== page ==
Tag Archives: Alex Hall

MORE FROM THE FAT BABIES in DAVENPORT, IOWA (August 3, 2017: Bix Beiderbecke Memorial Fest, Putnam Museum)

What follows seems — very reassuringly — like a tour through the landscape in which Bix Beiderbecke lived, and the ways in which he created it to his own dimensions.  It’s a leisurely concert given by The Fat Babies, who are Andy Schumm, cornet; Dave Bock, trombone; John Otto, Jonathan Doyle, reeds; Paul Asaro, piano; Johnny Donatowicz, banjo / guitar; Beau Sample, string bass, leader; Alex Hall — taking place at the Putnam Museum in Davenport, Iowa, as part of the 2017 Bix Beiderbecke Memorial Jazz Festival.

The nice video is yet another gift from “CANDC,” or “Chris-and-Chris,” who’ve also given us this delight — ninety minutes, two sets of the Babies, from the next day’s performances.

The songs are FIDGETY FEET / SUSIE /  BLUE RIVER /RIVERBOAT SHUFFLE / WHEN / OUR BUNGALOW OF DREAMS / OH, BABY! / SINGIN’ THE BLUES featuring a Whiteman coda / WOLVERINE BLUES (in the Wolverine Orchestra style, arranged by Andy Schumm) / I’LL BE A FRIEND “WITH PLEASURE” [vocal by Paul Asaro]/ FUTURISTIC RHYTHM / SLOW RIVER / I’M COMIN’ VIRGINIA / MY PRETTY GIRL.

May your happiness increase!

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NINETY MINUTES at HIGH HEAT: THE FAT BABIES SWING OUT at the BIXFEST (Davenport, Iowa, August 4, 2017)

For no particular medical reason aside from age-based entropy, I’ve slowed down the mad pace of recent years.  At my most passionate peak of obsession and love, I flew or drove to seven or eight jazz festivals or parties in twelve months.  I haven’t given up, just slowed down.  One of the festivals I was sorry to miss was the Bix Beiderbecke Memorial Jazz Festival held in Davenport, Iowa, at the start of this August.  I knew that — unlike the tree in the metaphysical forest — that the bands I love would play even if I were not there to video them — but still.

So I was very glad that “jazzmanjoe100” recorded the wonderful music that Hal Smith’s SWING CENTRAL  performed at that festival.  And I am delighted that “CANDC” did the same for several sets: the one most pleasing being by The Fat Babies.  “CANDC” isn’t an impossible-to-pronounce word; rather, it stands for “Chris-and-Chris,” (pronounced as a rapid triplet) a Swedish pair, immaculately dressed as if going out for a carriage ride c. 1917: he videos; she dances.  In general, they both light up the place.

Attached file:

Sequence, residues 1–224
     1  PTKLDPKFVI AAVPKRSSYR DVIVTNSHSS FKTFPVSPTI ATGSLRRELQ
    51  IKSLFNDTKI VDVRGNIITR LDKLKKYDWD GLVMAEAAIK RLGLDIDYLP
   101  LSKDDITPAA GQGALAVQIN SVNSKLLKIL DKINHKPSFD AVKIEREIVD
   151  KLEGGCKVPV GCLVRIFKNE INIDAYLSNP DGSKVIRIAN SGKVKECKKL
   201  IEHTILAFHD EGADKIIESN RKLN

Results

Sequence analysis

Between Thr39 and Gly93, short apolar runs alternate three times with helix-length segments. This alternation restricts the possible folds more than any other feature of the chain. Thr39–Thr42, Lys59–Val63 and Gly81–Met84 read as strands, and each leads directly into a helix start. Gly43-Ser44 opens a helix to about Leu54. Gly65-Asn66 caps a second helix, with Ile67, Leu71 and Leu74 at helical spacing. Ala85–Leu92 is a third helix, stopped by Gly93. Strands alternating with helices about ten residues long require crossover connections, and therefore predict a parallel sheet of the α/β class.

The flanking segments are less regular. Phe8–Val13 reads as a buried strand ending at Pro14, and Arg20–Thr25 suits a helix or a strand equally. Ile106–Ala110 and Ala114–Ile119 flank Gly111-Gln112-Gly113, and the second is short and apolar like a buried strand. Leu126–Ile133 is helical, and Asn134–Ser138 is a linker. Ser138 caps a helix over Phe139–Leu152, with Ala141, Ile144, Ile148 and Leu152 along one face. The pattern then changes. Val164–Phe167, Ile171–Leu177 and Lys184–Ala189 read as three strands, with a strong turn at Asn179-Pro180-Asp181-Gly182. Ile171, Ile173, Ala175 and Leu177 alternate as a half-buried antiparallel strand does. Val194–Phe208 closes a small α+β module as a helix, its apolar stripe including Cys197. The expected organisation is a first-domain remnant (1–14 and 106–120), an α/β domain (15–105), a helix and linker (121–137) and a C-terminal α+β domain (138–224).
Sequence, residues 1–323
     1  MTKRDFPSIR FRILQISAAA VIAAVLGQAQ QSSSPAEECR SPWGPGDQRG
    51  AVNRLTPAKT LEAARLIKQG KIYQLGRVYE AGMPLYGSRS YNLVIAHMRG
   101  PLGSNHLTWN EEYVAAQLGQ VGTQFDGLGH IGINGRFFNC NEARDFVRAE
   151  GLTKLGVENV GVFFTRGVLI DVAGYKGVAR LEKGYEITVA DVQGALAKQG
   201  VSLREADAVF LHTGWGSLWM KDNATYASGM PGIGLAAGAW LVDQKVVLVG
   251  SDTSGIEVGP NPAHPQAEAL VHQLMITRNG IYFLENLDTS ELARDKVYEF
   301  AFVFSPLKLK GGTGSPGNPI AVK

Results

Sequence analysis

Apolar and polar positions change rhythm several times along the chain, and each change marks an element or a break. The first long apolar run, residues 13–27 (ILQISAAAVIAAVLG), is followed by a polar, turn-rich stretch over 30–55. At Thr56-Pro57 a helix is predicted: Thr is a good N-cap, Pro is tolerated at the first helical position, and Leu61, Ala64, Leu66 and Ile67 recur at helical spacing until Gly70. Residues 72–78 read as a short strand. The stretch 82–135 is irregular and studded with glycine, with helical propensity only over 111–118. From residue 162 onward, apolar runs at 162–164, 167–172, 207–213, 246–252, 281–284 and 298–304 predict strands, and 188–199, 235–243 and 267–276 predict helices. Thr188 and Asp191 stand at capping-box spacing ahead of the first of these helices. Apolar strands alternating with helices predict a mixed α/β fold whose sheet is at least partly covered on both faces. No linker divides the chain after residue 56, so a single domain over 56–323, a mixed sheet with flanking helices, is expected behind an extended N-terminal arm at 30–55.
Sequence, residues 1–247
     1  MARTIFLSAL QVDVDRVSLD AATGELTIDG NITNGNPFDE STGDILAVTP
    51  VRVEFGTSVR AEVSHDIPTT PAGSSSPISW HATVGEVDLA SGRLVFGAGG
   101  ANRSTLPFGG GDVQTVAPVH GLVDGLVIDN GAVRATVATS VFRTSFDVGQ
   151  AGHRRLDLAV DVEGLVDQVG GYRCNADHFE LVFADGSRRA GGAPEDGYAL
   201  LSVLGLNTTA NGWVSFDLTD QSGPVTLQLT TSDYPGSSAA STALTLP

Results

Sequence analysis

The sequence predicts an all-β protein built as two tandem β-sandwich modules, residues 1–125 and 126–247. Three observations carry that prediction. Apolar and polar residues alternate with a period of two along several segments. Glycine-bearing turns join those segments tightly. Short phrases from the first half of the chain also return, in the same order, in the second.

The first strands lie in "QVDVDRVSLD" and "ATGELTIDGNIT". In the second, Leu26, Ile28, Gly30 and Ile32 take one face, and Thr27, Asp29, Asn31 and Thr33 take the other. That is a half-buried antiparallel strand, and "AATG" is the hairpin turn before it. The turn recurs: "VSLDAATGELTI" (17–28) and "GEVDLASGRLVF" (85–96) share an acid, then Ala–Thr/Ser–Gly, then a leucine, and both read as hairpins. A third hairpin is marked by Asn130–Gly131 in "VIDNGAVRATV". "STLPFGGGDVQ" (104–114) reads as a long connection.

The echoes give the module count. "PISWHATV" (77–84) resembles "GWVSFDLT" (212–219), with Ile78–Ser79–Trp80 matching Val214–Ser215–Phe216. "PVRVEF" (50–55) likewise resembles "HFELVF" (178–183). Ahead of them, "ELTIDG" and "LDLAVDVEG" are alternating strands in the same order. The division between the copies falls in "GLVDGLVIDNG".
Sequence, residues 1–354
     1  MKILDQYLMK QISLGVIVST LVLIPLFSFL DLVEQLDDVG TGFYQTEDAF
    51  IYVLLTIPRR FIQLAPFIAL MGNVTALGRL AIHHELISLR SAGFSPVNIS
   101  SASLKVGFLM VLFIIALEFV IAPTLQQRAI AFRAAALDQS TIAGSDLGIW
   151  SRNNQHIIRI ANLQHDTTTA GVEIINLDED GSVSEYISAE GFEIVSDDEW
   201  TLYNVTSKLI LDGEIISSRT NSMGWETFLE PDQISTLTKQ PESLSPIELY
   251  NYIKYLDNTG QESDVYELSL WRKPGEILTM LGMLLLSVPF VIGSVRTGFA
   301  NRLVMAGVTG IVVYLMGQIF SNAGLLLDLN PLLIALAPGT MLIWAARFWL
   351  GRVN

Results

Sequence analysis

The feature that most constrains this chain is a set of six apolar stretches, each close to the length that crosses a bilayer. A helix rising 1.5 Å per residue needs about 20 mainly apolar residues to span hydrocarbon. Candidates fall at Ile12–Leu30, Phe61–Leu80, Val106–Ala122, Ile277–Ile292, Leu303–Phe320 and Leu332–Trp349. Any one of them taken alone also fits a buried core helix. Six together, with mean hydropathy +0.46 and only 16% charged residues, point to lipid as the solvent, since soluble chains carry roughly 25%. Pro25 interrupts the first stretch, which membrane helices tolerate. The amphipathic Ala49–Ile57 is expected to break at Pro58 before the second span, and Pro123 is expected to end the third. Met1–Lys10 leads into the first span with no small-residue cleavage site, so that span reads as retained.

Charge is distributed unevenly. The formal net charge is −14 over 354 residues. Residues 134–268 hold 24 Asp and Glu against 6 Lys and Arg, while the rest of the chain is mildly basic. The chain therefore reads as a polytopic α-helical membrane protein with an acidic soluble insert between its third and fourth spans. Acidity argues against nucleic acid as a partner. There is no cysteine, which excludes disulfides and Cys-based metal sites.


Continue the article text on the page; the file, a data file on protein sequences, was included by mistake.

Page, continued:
As do The Fat Babies, the beloved brainchild (b. 2010) of string bassist Beau Sample; featuring Andy Schumm, cornet, clarinet, and other instruments; Dave Bock, trombone and tuba; John Otto, reeds; Paul Asaro, piano and vocals; Johnny Donatowicz, banjo and guitar; Alex Hall, drums.  For this set, alumnus and guest Jonathan Doyle joined in on clarinet and tenor.

For this set, they offered their usually varied program that leans towards the esoteric, which is always a nice change.  They began with a hot CHANGES MADE, and then summoned up 1926 Luis Russell (in Chicago, before the incandescent days of Red and Higgy) with SWEET MUMTAZ.

I must ask: is MUMTAZ another slang word for muggles, muta, or pot?  Google has not been terribly forthcoming.

Then, SHE’S CRYING FOR ME from old New Orleans, Jon Doyle’s evocative SWEET IS THE NIGHT, and a heady — c. 1925 Henerson — MANDY, MAKE UP YOUR MIND.

Paul Asaro sings THE SPELL OF THE BLUES, which I associate with 1928 Bing; WILL YOU, WON’T YOU BE MY BABE? — splitting its associations between McKinney’s Cotton Pickers and 1934 Louis.  It’s followed by Tiny Parham’s ROCK BOTTOM, a reed feature on THE BATHING BEAUTY BLUES, a sweet LAZY WEATHER (do I correctly think of the underrated 1936 Don Redman band here?) and a closing romp with Clarence Williams 1933 HARLEM RHYTHM DANCE.

And another wonderful helping.

Paul starts things off with I DON’T CARE (obviously not the case!), and then they move to the Nichols-associated SALLY OF MY DREAMS.  Then Walter Donaldson’s SAY YES TODAY (memorable in the Roger Wolfe Kahn version), followed by the Tiny Parham CLARICE — a wonderful hot rhythm ballad with a tango interlude.  Then, Ellington’s BIRMINGHAM BREAKDOWN; Paul and Johnny Donatowicz summon up Bing and Eddie Lang on DID YOU EVER SEE A DREAM WALKING? — always a good question to ask.

Next, Willard Robison’s DEEP ELM, and Frank Bunch’s FUZZY WUZZY — talk about obscure yet delightful.  Then, FOR MY BABY, a 1927 hit, mixing hot dance and romance; Paul essays TEA FOR TWO all by himself, and beautifully, echoing Don Lambert’s habit of mixing tunes with THINKING OF YOU, APRIL SHOWERS, I’M CRAZY ‘BOUT MY BABY, KEEPIN’ OUT OF MISCHIEF NOW, FRENESI, and a few whose title proved elusive, for a wonderfully low-key display of virtuosity — where he resists the temptation to triple the tempo.

Finally MONA, thanks to Harold Austin’s New Yorkers (a double obscurity to me), and Benny Carter’s KRAZY KAPERS, based on DIGA DIGA DOO — precious to me in its 1933 incarnation and in its 2017 one: the final chorus is my idea of jubliation.

Quite a good deal of beautifully played hot and sweet music indeed.  What makes this band notable, for me, is their mastery of the late Twenties – mid Thirties hot dance sound (with arrangements that summon up the original records and in some cases, build on their glories), soloists who are convincing on a jungle romp or a danceable ballad.  But the band as a whole sounds so good: their intonation, their voicings, so people used to listening for the hot sixteen bars also find themselves admiring the ensemble.  As I do, as you will.

May your happiness increase!

NAOMI AND HER HANDSOME DEVILS: “THE DEVILS’ MUSIC”

naomi-cd-2016

This is an irresistible CD.  The first time I put it in the player, after about a half-chorus, I leaned forward and raised the volume.  When I had heard Naomi sing ISN’T IT ROMANTIC? for the first time, I played it again.  And then again.  And several times over.  And (I know this might seem monotonous) I played the disc again from the start.  That should serve as the JAZZ LIVES Seal of Approval, shouldn’t it?  (Note: the apostrophe in the title is also a hilarious gift to us.)

naomi-portrait